LAS VEGAS _ My brother and I went to Las Vegas this weekend to watch Ohio University play in the Las Vegas Invitational basketball tournament. I try to support Ohio University sports when I can. Most of the time this involves watching football or basketball at 8 am on ESPN2, and although I am always thankful my Bobcats are on national television, there is a 50-50 shot the first half won’t be televised because the bull-riding semifinals went long.
Not wanting to miss the opportunity to see the Bobcats play live at Orleans Arena, we rented a car and drove across the desert from Los Angeles. It takes four hours to drive from Los Angeles to Las Vegas. This is one of those facts that all Los Angeles citizens know by heart, along with “USC is in the ghetto” and “Pink’s Hot Dogs is always busy” and “never take the 405 between 6 am and 4 am.”
I knew this was going to be one of those special Las Vegas trips as soon as we walked into the casino. In an attempt to woo younger people, our not-at-all-hip-and-therefore-affordable casino had a section called The Party Pit. The Party Pit, which it should be noted was not a pit at all but very flat, looked like the rest of the casino floor, except for two things. There was a huge sign behind a disco ball informing you that you were in The Party Pit. Dancing atop an elevated platform behind a half-dozen tables were strippers who stopped just short of actually stripping.
I stopped and took it all in, right next to a father and his young boy. It was 11:30 pm. In Vegas, it’s not uncommon to see parents with kids walking around the casino late at night. In fairness, sometimes they are checking in or checking out, but often they are just milling about, like Father of the Year and his son. The only plausible defense for the dad would be if he planned to use the carnal tableau as a Teachable Moment.
“Now, son, remember when we were in Las Vegas and saw that woman dancing? That woman was not a stripper. Her clothes never came off. It would have been foolish to give her money. Do you understand what daddy is saying?”
This was not the strangest thing I saw all weekend. I am an Ohio State fan. My brother and I went to a Cleveland bar – apparently when everyone left Cleveland they took the bars with them – to watch the OSU-Michigan game. At the bar I sat next to an elderly woman who breathed through a portable apparatus. Naturally, she chain-smoked Camels the entire game. Not that she watched the game. She didn’t. She played video poker and drank beer for three hours while her husband chain-smoked right along with her. It was nine in the morning. They paid by check.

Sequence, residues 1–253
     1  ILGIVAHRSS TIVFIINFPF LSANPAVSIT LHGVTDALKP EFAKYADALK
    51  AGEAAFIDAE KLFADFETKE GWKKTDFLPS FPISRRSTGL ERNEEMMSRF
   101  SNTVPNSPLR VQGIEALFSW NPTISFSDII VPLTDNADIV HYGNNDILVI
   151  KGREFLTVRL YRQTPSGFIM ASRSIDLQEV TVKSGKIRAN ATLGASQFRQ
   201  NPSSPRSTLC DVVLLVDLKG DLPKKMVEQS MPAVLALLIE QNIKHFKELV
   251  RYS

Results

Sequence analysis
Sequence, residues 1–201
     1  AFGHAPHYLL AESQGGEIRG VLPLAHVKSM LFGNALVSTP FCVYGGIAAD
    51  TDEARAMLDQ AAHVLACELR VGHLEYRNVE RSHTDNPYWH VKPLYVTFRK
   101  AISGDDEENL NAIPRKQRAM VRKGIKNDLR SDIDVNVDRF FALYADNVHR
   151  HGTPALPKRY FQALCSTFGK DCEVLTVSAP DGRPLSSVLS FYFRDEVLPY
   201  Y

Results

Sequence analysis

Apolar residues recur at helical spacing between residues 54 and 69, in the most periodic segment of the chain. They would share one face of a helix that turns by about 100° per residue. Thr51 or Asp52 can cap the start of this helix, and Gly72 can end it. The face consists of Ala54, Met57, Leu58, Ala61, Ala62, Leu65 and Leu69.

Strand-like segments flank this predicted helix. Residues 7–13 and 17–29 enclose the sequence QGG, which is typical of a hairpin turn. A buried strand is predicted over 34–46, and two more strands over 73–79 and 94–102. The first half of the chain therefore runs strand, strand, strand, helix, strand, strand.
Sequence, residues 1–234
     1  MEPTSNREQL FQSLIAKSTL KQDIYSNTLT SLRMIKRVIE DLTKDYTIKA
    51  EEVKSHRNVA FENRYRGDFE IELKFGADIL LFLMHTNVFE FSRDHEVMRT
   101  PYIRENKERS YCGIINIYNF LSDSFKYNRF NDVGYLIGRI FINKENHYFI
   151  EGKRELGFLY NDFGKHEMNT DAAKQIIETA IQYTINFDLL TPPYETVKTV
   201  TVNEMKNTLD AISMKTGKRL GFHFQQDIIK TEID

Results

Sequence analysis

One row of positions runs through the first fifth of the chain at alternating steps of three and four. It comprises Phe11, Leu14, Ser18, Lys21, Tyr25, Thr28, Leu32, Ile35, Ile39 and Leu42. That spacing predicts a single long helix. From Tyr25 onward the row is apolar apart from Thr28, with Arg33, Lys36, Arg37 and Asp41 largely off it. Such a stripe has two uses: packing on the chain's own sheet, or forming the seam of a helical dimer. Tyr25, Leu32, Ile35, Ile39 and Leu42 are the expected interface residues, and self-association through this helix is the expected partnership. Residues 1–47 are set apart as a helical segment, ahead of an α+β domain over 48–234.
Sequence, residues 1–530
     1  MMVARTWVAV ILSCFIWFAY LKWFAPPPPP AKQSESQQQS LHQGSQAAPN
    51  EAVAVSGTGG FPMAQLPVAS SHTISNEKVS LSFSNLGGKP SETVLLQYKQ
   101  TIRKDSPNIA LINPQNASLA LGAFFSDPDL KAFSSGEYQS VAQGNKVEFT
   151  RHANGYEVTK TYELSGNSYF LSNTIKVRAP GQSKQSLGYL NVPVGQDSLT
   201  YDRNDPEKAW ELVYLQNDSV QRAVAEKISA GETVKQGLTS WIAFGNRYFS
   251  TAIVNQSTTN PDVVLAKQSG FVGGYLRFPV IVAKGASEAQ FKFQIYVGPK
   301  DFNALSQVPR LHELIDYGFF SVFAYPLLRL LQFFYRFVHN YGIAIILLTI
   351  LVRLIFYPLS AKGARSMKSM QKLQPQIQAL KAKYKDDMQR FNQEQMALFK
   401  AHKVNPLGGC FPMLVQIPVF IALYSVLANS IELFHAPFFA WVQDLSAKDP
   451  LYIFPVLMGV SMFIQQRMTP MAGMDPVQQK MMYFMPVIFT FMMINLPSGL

It would be easy to discount this woman as dim, but I prefer to think of her as a hero. If you only had months to live, and every breath you took came from the inside of a metal tank, would you stay in, eat bran, drink water and get plenty of exercise? Or would you take your Social Security check to the bar on Saturday?
Looking back on it, I should have bought her a beer.
As for the tournament itself, Ohio lost its opener 98-41 to Kansas. There was a point at the end of the second half where I thought we would pull within 50, but we let it slip away. After the game my brother and I congratulated a group of Kansas fans, who could not have been nicer. If you see a man with white hair over the age of 50, and he looks like a co-pilot, and he says things like “gosh,” odds are he is a Kansas basketball fan. My brother and I talked to a group of 5-6 Jayhawks outside the arena. They were with a little boy, maybe 10 years old. Seeing our green Ohio gear he looked up at us and said, “You guys stink.” We ignored him. Then he chimed in again. “You guys got your butts kicked. You stink.”
I knew we stunk. Everyone in the arena knew we stunk. I am pretty sure on the white board in the locker room our head coach wrote, “We stunk” and then walked right into a bank of lockers, through a wall and out of the building. This little punk showed no sportsmanship, no grace in victory, and his parents stood idly by.
So I bent down to his level and whispered, “You’re going to lose to Duke.”
His mouth dropped.
His mother said, “What did you say to my son?”
I said, “You’re going to lose to Duke.”
She said, “Don’t you dare say that.”
I laughed and said, “Well, you are.”
It was a good Teachable Moment.